MLB.com Columnist

Barry M. Bloom

Chapman could be on Yankees' radar again

With Betances' recent struggles, New York knows where to get help for 2017

Chapman could be on Yankees' radar again

BOSTON -- It may be a tad early to write off the Dellin Betances closer experiment, but if you're in Yankees baseball operations, you might want to consider bringing back Aroldis Chapman to fill that role again when the hard-throwing left-hander becomes a free agent this offseason.

Betances has been fine since Chapman was traded to the Cubs and Andrew Miller was dealt to the Indians, but there are some in the club hierarchy who believe the big right-hander is a better fit for a multi-faceted role as a setup man.

Last year the Yankees had Miller coming off a season when he saved 36 games and won the Mariano Rivera Award as the best reliever in the American League. Betances set Miller up and whiffed 131 batters in 84 innings.

Yet, general manager Brian Cashman saw fit to get Chapman in a trade with Cincinnati. He can certainly get Chapman again.

"That's for the offseason," Yanks manager Joe Girardi said on Friday night before the Yanks played the Red Sox again at Fenway Park. "We'll talk about the season when it's the offseason."

The Yankees may have 15 games to go, but barring another surprising resurgence, the season effectively ended with Betances' 21-pitch performance on Thursday night.

If the Hanley Ramirez three-run bomb erased a three-run Yankees lead heading into the ninth inning in a devastating 7-5 loss and was the only dinger Betances gave up at Fenway this season, it would be one thing.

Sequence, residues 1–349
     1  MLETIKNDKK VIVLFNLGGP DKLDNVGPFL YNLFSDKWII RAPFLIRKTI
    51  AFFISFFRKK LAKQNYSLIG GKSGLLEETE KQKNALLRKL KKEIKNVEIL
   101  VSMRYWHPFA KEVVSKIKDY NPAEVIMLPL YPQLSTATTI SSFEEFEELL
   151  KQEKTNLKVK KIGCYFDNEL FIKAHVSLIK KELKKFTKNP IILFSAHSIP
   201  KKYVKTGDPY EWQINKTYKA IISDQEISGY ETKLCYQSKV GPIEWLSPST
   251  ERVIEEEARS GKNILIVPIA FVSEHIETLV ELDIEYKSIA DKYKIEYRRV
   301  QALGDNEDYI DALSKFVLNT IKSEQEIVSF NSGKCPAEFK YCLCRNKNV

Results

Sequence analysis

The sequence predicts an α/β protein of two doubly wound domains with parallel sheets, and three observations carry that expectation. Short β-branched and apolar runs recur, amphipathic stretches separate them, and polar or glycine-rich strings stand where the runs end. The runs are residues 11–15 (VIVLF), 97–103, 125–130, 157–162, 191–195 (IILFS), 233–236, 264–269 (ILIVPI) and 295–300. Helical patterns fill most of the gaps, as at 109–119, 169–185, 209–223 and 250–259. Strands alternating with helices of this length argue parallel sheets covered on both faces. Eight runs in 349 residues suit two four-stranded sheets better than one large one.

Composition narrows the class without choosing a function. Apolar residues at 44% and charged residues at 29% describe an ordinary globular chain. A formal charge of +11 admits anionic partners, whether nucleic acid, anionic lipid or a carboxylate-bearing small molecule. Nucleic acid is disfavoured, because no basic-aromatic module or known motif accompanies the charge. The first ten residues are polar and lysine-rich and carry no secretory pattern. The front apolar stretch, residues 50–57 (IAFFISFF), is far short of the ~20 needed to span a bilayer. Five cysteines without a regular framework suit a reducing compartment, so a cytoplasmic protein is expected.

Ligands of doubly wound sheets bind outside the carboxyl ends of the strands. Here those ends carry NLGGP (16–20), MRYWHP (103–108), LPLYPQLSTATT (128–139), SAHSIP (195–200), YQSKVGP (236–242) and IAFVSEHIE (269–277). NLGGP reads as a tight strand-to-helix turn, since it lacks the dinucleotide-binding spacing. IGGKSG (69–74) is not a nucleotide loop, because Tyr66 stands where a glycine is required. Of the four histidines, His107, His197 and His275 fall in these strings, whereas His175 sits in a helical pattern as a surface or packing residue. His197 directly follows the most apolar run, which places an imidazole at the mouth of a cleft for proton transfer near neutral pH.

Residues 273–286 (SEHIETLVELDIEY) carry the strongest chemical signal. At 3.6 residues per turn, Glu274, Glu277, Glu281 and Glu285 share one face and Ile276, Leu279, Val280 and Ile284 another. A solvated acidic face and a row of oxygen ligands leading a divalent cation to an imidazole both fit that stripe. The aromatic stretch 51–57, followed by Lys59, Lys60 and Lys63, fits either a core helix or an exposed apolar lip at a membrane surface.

But it wasn't. It was the third, costing the Yankees three games, a six-game flip in the AL East standings.

Rothschild: Betances capable of closing

On April 29, David Ortiz hit a two-run homer with one out in the eighth to beat Betances, 4-2. Two nights later, Betances was brought in with one out and one on in the seventh. This time it was Christian Vazquez who hit the two-run shot that cost the Yankees the game.

Betances' overall line against the Red Sox this season is seven runs on eight hits -- including the three homers -- in 5 2/3 innings for an 11.12 ERA.

The three games at Fenway would be enough to shatter the confidence of any young pitcher.

"Sure, it could," Girardi said. "The one thing that you can say is that [the Red Sox have] probably seen him as much as any team has, so I think as a pitcher, sometimes you have to make some slight adjustments, and we'll get it ironed out."

If there's one commonality, though, among the three games, it's that Chapman wasn't in a Yankee uniform. He missed the month of April and the first 30 games because of a domestic dispute suspension.

The Yankees opened 8-16. Chapman certainly would have made his mark sometime within those first 30 games when Betances continued to set up Miller, who left the Yankees with nine saves this season.